South Carolina Medicaid Cuts $61 Million in Services, Ends Enrollment in HIV/AIDS Program
South Carolina's Medicaid agency will stop enrolling people living with HIV as part of a $61 million round of budget cuts, officials announced on Wednesday, the AP/Charlotte Observer reports. According to the AP/Observer, no longer enrolling HIV-positive people will save the agency $40,000. Some health care advocates argue the budget cuts mean that many people will become even sicker when left without care, leading to more costly emergency department visits "or worse," the AP/Observer reports. Carmen Julious, executive director of Palmetto AIDS Life Support Services in Columbia, said the Medicaid HIV/AIDS program provides "lifesaving medications," adding, "Compared to people's lives, that ($40,000) doesn't seem like a good balance to me." Sue Berkowitz, executive director of the low-income advocacy group South Carolina Appleseed Legal Justice Center, said that people "are going to die" because of the budget cuts.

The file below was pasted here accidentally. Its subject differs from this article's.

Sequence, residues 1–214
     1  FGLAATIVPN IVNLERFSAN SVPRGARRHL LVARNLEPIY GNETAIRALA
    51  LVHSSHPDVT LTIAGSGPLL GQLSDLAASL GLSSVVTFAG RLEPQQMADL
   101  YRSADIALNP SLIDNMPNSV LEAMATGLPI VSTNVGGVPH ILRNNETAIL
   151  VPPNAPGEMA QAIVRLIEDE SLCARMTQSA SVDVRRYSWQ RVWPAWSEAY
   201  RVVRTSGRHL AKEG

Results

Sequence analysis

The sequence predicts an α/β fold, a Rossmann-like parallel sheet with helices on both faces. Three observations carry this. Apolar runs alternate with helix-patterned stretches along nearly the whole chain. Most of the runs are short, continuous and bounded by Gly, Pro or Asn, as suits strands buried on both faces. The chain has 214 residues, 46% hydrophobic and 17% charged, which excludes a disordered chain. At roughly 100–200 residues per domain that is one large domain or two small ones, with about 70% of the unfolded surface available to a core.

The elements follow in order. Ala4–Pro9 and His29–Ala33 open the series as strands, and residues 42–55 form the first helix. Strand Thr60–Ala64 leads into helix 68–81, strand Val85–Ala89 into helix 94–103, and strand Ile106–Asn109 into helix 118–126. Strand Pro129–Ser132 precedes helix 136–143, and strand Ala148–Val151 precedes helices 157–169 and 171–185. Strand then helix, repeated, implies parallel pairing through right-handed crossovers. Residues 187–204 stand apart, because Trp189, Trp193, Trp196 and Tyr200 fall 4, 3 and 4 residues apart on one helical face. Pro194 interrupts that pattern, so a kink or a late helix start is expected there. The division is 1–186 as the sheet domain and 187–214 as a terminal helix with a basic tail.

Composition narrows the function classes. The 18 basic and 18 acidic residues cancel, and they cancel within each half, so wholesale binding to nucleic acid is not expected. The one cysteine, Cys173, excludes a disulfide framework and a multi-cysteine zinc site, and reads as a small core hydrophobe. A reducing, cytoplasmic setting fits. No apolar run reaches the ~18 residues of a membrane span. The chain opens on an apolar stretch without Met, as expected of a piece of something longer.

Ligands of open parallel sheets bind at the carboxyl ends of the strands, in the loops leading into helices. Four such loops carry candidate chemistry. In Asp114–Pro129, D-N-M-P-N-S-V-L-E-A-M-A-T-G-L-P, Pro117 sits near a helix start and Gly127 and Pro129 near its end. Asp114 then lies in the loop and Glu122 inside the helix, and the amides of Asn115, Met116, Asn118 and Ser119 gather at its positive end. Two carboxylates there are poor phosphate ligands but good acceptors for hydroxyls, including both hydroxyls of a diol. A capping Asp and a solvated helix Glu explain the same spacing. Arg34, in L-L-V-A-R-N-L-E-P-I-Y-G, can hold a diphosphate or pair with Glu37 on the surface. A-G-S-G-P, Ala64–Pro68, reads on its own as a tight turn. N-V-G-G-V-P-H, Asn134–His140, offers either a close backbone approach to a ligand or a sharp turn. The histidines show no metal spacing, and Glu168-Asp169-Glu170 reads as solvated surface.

The AP/Observer reports that other budget cuts include ending hospice care for Medicaid-only patients; decreasing the amount of assistance for prescription drug costs for low-income, elderly populations; reducing home health nurse visits from 75 to 50 per year; and reducing assistance to hospitals and nursing homes. The Medicaid program has lost $137 million since July while state spending has been reduced by $1 billion because of the economic situation and faltering tax collections (Davenport, AP/Charlotte Observer, 12/17). The Columbia State reports that the $61 million in state budget cuts will result in the loss of $398 million in federal matching funds. Jeff Stensland, a spokesperson with the state health department, said the budget cuts will affect patients but not essential care, adding that a proposed federal aid package for states could help fund some of the programs that will be eliminated or reduced (O'Connor, Columbia State, 12/18). Stensland also said that the department is "not happy about having to do any of these" cuts and that an increase in the demand for the state's Medicaid program is "just around the corner" because of the economic situation (AP/Charlotte Observer, 12/17).